Mission statement TASvideos.org is committed to providing the best in tool-assisted speedruns and superhuman play. Our runs are held to high standards, and high quality runs will be published on the site. In addition, we prefer quality over quantity — a excellent run will not be accepted whether it’s a game new to a run to an improvement or the website. Our runs may not be perfect (if that’s even possible), but are still large quality and aim to be as entertaining as possible. Why? These movies are made by us since they’re entertaining to watch, and because we’re curious how far a game can be pushed. The process of creating them is also a form of problem-solving and challenge to ingenuity and our intellect. It’s possible he’ll delight in the box more than the toy if a child receives a box containing an expensive toy as a birthday present. This is creativity. We’re doing the exact same. Rather than walking on the paths we create our own legs our own paths and so on. And we’re not listening to people who say “you can’t do that!” . Just like children. How?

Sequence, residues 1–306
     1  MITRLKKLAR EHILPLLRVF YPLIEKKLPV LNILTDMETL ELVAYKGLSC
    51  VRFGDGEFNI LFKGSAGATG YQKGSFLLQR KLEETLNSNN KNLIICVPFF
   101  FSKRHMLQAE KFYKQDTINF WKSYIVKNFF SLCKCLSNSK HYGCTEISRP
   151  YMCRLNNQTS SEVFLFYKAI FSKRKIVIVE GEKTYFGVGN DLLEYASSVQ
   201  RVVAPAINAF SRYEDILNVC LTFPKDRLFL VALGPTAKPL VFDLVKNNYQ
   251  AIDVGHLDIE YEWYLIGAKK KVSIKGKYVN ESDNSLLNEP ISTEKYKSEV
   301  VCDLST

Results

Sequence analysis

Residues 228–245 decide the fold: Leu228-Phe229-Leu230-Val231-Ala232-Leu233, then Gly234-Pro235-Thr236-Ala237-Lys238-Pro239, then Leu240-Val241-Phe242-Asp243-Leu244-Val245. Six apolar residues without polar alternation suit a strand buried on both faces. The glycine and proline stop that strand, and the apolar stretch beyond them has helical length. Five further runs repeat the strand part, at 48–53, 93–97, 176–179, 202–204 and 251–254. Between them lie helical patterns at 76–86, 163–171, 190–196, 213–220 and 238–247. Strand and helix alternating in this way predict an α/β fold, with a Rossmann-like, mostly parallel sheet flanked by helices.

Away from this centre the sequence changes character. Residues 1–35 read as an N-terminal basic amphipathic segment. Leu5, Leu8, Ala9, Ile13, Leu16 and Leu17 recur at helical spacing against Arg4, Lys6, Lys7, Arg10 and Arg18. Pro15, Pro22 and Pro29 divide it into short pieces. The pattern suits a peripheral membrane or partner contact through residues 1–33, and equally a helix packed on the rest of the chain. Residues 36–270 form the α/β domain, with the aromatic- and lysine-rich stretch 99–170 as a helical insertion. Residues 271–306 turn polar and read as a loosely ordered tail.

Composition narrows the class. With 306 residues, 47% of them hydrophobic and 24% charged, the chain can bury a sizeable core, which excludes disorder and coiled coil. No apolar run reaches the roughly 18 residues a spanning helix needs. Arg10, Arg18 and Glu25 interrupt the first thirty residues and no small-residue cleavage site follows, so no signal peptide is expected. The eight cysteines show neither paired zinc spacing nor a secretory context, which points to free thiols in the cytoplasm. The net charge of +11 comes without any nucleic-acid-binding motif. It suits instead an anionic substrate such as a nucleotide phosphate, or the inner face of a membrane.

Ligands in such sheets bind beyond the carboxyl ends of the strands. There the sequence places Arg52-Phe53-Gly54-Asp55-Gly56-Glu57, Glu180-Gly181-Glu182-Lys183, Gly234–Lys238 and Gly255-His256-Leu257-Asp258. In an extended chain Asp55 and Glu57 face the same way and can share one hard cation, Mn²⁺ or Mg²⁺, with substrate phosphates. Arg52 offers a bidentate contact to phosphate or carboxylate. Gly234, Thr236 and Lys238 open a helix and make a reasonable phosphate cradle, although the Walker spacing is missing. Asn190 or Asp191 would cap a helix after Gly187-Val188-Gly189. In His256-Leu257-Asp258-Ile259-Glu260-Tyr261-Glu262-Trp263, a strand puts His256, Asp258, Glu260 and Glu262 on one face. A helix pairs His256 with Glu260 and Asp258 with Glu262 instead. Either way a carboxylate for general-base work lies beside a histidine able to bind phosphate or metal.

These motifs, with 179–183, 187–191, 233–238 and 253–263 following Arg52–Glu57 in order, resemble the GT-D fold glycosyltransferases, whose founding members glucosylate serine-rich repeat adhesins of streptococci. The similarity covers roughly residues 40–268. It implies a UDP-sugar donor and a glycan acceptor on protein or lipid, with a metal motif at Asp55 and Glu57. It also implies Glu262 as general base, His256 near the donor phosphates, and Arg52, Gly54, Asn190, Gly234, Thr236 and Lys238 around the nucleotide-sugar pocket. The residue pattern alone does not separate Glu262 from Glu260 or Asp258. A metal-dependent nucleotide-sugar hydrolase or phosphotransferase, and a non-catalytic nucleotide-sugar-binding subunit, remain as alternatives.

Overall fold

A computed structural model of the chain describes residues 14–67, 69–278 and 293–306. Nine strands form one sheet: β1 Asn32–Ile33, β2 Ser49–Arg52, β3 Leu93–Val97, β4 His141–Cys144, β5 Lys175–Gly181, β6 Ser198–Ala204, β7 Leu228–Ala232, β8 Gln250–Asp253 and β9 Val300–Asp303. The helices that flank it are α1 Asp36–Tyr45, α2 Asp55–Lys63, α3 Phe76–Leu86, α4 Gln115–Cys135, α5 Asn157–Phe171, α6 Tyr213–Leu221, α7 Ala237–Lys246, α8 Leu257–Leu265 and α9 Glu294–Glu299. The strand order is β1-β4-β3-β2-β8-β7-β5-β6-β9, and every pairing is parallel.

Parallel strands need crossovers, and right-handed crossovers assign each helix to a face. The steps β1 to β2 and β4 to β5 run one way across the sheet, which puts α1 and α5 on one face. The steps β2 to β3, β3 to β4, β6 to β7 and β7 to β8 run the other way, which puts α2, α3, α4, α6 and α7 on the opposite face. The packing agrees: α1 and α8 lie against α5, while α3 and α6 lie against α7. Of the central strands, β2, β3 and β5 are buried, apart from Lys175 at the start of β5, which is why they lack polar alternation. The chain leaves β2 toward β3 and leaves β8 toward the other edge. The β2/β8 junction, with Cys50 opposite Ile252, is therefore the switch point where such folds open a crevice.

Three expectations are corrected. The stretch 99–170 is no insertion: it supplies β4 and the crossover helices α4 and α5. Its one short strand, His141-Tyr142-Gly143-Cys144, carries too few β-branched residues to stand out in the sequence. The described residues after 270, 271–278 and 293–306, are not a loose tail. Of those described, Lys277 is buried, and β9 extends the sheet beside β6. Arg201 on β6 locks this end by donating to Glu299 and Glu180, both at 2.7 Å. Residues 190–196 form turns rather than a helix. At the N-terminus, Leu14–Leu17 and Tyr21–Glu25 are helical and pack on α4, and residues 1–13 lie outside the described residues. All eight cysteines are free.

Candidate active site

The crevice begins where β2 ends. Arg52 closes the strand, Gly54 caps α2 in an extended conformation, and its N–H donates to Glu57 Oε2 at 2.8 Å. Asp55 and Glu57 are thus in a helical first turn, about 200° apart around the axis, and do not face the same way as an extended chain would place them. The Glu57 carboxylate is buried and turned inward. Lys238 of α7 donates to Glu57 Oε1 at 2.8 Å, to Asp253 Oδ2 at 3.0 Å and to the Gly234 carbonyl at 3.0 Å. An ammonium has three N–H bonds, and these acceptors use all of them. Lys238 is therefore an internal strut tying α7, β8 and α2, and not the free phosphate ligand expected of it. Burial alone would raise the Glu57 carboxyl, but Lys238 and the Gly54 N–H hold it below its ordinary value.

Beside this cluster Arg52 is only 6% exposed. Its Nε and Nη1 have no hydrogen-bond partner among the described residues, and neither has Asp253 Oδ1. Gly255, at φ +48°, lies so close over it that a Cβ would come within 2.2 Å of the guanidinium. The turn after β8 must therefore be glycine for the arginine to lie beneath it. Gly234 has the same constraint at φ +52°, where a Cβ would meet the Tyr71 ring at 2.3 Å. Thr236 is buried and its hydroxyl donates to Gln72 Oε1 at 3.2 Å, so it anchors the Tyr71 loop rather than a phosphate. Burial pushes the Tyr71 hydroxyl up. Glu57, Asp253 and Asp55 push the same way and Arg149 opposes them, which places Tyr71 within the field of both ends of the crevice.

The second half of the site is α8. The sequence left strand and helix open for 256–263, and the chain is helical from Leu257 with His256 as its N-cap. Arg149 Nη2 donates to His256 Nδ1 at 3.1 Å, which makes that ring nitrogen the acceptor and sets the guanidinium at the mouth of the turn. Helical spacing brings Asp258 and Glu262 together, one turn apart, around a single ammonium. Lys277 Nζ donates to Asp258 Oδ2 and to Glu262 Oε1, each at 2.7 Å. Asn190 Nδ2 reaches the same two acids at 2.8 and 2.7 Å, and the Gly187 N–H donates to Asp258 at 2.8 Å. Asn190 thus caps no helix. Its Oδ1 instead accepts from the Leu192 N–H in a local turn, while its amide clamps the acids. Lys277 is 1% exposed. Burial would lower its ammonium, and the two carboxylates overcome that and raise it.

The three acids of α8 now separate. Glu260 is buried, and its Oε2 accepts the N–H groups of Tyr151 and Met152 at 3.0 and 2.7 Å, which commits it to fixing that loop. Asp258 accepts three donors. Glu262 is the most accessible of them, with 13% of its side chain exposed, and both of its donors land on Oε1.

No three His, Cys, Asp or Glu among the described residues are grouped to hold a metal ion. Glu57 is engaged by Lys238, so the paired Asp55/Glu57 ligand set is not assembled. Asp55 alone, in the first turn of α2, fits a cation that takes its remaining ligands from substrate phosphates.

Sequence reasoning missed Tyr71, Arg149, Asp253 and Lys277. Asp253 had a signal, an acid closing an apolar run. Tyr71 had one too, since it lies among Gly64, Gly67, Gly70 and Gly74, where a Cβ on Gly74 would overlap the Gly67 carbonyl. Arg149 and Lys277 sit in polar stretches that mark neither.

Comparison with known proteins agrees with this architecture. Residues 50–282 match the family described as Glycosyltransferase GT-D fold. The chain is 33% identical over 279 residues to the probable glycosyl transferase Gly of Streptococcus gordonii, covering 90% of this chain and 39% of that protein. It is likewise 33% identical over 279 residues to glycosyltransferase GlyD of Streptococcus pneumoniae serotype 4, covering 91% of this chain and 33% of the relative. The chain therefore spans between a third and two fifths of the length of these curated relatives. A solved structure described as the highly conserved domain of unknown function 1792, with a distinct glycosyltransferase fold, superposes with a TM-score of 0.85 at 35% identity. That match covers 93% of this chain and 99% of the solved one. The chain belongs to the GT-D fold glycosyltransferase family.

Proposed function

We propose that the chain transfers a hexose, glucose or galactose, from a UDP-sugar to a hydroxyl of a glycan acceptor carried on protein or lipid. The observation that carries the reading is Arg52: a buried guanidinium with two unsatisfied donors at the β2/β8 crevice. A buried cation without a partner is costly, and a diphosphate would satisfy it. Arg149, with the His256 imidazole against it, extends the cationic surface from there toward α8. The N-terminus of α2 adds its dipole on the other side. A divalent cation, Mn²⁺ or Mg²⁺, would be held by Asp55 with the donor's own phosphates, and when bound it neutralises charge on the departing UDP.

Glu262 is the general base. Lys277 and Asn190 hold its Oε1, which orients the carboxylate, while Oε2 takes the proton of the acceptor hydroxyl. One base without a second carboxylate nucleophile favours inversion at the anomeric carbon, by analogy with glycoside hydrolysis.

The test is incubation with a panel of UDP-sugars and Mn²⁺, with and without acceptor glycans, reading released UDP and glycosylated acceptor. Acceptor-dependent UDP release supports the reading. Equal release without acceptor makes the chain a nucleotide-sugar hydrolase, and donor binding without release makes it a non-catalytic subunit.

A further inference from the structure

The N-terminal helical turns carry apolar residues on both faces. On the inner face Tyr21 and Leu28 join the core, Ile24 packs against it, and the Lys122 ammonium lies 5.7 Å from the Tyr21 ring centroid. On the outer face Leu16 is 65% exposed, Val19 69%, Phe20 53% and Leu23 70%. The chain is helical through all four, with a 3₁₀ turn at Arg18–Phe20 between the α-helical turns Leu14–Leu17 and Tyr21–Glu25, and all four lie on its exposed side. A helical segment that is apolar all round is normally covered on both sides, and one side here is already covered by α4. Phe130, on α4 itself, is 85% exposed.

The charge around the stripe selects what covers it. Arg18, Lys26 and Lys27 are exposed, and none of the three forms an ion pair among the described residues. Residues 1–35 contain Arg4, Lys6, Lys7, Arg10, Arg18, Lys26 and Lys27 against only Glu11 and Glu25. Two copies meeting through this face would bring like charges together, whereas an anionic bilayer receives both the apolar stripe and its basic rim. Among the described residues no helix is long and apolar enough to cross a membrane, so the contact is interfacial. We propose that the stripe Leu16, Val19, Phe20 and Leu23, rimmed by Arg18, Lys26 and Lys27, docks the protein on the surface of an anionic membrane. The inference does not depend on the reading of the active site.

The movies on TASVideos are made with the support of emulators that have the capability of recording sequences of key presses — it’s the key presses that are recorded, and the video and audio caused by the emulator playing this back is what can be seen through the videos provided on the website. The emulators involved have been crafted to provide features specifically designed for game play. The most common features are save states, allowing the author to come back to an earlier point in the run (and thereby revert mistakes that are made), and the ability to play one frame at a time (known as frame advance), which removes the limitations of one’s reflexes.